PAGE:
At the very least, he'll need to play out the remainder of his contract and pick up his player options in 2014 and 2015.
Longevity is no small accomplish when talking about what a player has meant to his team. Alonzo Mourning played 10 seasons for the Heat in two separate stints. Tim Hardaway gave the franchise five seasons.
But more than any other player, Dwyane Wade remains the face of the Heat.
Beyond playing in Miami for nine seasons, Wade has never played for another club. He also helped the organization win its first title by averaging 34.7 points per game against the Dallas Mavericks, and almost single-handedly willed his team to victory after falling in a 0-2 series hole.
For what it's worth, Wade also deserves a great deal of the credit for assembling the Heat as we now know them.
In addition to passing on an opportunity to play for his hometown Chicago Bulls, Wade recruited James and Chris Bosh to join him in Miami. Whatever he does on the court, Wade's off-the-court contributions suggest he deserves a lot of credit for just about anything this team accomplishes over the next few years.
One of his recruits now stands ready to make this franchise his own—not just in terms of the here and now, but in terms of history.
It doesn't make a lot of sense to set a quota for how long James must remain with the Heat before truly supplanting Wade's legacy. This isn't about years alone, and if it were, Wade would always have the edge.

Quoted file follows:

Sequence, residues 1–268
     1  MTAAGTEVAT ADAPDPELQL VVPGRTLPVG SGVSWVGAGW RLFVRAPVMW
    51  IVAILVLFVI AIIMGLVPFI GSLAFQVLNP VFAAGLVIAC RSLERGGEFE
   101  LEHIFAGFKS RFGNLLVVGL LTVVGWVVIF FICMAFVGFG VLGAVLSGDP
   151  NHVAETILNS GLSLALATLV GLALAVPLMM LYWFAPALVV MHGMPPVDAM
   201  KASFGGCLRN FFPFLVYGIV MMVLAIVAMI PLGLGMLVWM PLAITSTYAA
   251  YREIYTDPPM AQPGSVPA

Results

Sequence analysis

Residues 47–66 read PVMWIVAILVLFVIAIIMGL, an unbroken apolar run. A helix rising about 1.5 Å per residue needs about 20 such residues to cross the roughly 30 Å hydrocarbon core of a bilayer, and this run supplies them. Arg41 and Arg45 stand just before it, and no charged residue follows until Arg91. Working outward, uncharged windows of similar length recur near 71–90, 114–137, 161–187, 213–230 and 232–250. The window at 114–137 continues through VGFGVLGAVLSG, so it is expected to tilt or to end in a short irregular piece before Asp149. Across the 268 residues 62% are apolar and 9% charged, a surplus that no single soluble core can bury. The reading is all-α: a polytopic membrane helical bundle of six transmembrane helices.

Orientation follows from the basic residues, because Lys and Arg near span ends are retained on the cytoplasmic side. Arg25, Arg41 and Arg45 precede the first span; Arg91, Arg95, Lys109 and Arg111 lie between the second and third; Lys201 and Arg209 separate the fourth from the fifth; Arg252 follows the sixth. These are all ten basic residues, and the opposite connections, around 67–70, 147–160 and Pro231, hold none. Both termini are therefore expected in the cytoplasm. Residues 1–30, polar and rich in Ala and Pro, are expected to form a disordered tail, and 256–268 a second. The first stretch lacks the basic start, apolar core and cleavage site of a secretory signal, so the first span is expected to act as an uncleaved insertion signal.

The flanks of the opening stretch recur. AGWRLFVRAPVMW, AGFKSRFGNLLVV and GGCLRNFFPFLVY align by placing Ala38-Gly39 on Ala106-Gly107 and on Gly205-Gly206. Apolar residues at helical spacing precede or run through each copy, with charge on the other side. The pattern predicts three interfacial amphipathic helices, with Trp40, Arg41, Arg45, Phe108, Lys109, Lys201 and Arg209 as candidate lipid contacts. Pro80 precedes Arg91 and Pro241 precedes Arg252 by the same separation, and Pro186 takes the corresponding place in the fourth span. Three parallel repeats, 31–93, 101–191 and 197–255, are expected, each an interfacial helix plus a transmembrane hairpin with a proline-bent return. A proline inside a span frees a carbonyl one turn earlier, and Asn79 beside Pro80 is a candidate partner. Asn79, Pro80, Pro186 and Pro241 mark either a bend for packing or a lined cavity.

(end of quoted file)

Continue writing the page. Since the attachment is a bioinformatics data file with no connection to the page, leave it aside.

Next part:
Nor is this merely about how many MVP awards he racks up or any other measurable accomplishment.
These are the kind of questions that are, by the very nature, debatable.
To start the discussion, though, there are a few things James probably needs to do besides sticking it out with the Heat for at least the next four years.
Spending the rest of his career in Miami certainly wouldn't hurt his cause, but nor is it necessarily a prerequisite. If LeBron goes to the Lakers when he's 38, he'll still be identified, first and foremost, with the Heat.
Winning another title under James' watch is, on the other hand, almost certainly a prerequisite to becoming the greatest Heat star of all time. Once again being named the NBA Finals MVP would seal the deal altogether.
It seems sort of unthinkable by now, but if the Heat win another ring while Wade is playing the team's best basketball, LeBron's mystique would take a hit. He can't be the best player in the world if he isn't even the best player on his own team.
Again, it's unthinkable.
But such a scenario also highlights the complexities of James' career going forward. It won't be enough for him to just win titles. He'll be subject to raised eyebrows the very moment he looks like Miami's second-best player—title or no title.
He could get away with being the team's second-leading scorer, especially with his penchant for triple-doubles and unfailingly filled stat sheets. He could even get away with returning the lion's share of ball-handling and play-making duties to Wade—though it's unclear why that would ever happen.
But James can't afford to start pressing. He'll get into trouble if he chokes at the ends of games or appears responsible for important losses.
That's the double-edged sword of being your team's best player. You take credit when things go well, but you take the blame when they don't.
It goes without saying that James will continue to be his team's best player, so the more important variable is that things need to keep going well.
The longevity will help, and the dominance will be a given. To replace Wade as Miami's all-time great will require another ring or two for good measure though.
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